Today’s the Fourth of July, the day we celebrate America’s Independence. And with that I was expecting to find all sorts of patriotic-themed advertising campaigns as companies try to tie themselves to freedom, life, liberty, the pursuit of happiness, and the bald eagle. Turns out I shouldn’t have set up those expectations because July 4 isn’t when companies release those ads in an effort to pull at our heartstrings and convince us to buy because of their love for America.
Let’s face it, if you’re reading this today you’re not in the mood for any sort of heavy lifting. It’s a vacation day, or at least it is for most of you. You might be looking for something to pass the time as the kids pack up their toys or your significant other gets the food and beverages ready for your Independence Day barbeque. In an effort to keep your day relaxing, I pulled together some of the most patriotic ads of recent years and looked at when they were released. Here’s a hint: it’s during one of the most-watched television events of the year, not as we’re all prepping for fireworks.
As expected, patriotic advertising campaigns were elevated during the past 12 years. Since September 11, advertisers have been trying to balance the ‘we’re for America,’ mindset without coming off as trying to capitalize on a tragic event. For instance, take a look at this Budweiser ad from the 2002 Super Bowl, the first major television event following the September 11, 2001 attacks:
(Note: this ad originally aired during the 2002 Super Bowl and was remade and re-released recently, which is why you see ©2011 at the beginning and the Freedom Tower at the end.)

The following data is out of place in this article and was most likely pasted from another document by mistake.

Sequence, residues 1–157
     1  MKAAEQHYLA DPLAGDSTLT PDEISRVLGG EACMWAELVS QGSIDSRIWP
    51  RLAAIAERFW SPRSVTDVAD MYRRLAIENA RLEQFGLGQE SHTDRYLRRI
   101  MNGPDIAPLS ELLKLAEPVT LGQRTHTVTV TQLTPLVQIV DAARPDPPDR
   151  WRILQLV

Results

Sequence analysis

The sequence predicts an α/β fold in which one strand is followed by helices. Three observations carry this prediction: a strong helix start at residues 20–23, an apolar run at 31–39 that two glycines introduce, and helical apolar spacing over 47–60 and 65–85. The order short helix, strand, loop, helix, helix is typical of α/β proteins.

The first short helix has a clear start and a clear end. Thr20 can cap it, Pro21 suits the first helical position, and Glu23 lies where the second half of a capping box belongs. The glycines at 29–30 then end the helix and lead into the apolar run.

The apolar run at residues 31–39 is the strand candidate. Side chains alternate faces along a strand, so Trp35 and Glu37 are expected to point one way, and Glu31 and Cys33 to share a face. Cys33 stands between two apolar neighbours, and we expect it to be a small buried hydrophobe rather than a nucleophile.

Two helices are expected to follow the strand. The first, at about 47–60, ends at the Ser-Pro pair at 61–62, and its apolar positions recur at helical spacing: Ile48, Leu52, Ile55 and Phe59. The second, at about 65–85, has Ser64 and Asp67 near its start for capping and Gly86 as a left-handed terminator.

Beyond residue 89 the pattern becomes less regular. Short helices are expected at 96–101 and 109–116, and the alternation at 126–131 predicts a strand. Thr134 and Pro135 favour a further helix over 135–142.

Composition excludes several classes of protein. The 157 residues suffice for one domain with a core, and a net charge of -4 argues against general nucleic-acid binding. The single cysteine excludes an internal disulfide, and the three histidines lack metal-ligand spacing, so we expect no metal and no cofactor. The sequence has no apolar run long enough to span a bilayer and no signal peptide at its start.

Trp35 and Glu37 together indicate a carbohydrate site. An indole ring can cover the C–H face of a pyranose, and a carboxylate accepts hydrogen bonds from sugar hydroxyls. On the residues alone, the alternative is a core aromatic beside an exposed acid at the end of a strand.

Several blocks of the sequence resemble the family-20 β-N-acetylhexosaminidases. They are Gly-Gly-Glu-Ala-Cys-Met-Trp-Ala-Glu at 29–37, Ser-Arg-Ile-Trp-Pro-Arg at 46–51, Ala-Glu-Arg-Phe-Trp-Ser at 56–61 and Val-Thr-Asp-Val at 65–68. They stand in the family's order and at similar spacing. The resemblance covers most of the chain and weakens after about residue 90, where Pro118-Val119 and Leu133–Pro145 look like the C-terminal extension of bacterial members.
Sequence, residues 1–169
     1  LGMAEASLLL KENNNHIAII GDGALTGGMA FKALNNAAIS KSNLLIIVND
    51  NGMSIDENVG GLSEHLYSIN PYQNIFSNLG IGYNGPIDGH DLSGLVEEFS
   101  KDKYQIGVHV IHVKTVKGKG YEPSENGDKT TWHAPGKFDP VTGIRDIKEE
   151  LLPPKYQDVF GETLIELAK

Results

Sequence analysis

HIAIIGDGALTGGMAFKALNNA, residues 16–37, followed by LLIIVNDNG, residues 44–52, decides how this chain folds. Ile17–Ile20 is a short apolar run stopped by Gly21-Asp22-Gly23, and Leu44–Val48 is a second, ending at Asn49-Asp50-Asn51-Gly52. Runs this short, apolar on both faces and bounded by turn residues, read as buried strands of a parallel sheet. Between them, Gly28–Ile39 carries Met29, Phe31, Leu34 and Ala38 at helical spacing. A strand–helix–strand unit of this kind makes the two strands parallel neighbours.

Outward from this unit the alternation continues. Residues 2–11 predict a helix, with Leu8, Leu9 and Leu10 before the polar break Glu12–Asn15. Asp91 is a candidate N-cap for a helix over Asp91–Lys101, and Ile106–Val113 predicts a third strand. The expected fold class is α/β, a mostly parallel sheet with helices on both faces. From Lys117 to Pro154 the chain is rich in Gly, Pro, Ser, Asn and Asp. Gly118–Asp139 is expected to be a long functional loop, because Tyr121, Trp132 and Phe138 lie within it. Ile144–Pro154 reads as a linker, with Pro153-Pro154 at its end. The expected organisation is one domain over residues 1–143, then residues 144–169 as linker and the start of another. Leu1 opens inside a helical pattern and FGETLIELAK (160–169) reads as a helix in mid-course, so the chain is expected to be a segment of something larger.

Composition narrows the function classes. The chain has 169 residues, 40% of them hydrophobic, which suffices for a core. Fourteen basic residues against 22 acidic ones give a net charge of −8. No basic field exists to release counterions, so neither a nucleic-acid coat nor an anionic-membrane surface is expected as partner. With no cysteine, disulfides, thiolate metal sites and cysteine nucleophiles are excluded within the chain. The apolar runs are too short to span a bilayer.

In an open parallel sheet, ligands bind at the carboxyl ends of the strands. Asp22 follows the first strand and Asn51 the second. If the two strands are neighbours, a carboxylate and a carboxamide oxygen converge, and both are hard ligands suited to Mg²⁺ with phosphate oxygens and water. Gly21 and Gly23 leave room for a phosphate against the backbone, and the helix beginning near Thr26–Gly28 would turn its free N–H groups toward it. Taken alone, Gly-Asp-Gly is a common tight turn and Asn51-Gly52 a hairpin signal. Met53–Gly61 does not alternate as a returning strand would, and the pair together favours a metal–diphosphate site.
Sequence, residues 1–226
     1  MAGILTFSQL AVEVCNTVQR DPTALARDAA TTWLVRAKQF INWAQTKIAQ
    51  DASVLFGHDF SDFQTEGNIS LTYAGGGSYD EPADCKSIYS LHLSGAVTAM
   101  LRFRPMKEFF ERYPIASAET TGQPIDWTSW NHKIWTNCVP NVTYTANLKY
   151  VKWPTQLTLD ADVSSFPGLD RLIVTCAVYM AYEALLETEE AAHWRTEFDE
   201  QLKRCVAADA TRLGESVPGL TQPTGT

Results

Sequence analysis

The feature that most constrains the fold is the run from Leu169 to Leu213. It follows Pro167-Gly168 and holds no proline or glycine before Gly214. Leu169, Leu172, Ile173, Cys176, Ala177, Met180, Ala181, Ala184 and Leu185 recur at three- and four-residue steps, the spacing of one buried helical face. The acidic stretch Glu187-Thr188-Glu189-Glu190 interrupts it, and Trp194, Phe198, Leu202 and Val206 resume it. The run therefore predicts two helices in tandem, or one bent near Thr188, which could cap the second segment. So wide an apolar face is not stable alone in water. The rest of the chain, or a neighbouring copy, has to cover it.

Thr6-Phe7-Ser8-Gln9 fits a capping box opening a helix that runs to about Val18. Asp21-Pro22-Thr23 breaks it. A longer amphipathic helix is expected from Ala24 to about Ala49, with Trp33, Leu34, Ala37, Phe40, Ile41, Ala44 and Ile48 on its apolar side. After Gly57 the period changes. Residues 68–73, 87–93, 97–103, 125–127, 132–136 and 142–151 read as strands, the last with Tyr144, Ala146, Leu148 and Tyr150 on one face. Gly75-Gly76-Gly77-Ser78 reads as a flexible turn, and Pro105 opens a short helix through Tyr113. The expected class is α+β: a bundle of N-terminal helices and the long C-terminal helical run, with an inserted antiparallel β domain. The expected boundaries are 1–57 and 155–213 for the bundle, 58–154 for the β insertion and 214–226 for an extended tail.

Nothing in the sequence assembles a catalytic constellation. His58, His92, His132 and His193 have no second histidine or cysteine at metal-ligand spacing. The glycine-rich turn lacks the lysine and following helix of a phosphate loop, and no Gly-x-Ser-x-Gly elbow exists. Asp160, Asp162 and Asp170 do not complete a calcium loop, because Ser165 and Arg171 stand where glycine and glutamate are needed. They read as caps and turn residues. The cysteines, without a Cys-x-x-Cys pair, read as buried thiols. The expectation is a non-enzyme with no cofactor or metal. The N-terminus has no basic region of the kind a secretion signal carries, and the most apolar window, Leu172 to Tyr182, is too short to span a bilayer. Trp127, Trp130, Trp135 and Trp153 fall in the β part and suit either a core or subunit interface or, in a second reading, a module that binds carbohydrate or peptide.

What you’ll notice is this commercial’s not about beer. It’s not about partying and having a good time with the connotation that in order to do that you need to have Budweiser at your party. It’s about a company showing its support for the country that helped build it. Personally I’m not a huge fan of Anheuser-Busch products, but they put together some great advertising. Take a look at this ad, which came a few years later, again during the Super Bowl:
Now if that didn’t make you well-up, just a little bit, you either don’t have a heart or watched the wrong YouTube clip.
Believe it or not, Anheuser isn’t the only company that has gone down the pro-America road when it comes to putting together their campaigns. Car companies have for decades tried to convince the locals that by purchasing their vehicles, they’re supporting our country. One of the latest was from the 2012 Super Bowl, featuring Clint Eastwood:
This one got mixed reviews, with some people looking for deeper meaning beyond the ‘Buy American’ message Chrysler was after. You can decide for yourself whether or not there’s a pro- or anti-Obama message in there and the significance of using Eastwood in a commercial discussing America.
What it comes down to is this: while there are a number of advertising campaigns featuring pro-America and patriotic messages, they don’t all come out around July 4. Instead, as it should be, they are released for the largest audiences when the most people are paying attention. After all, the goal of any successful advertising campaign is to elevate brand recognition or value or drive people to purchase a product or service. And people are much more likely to be watching for these advertising campaigns on an early February Sunday than the middle of summer.
If you’re looking to build effective advertising campaigns, we have a couple tools for you. The first is the Smart Marketer’s Guide to Local Digital Advertising and the other is a whitepaper featuring the Four Reasons the RFP Hurts your Media Buying. Give them a read, and you’ll be better prepared for your next campaign.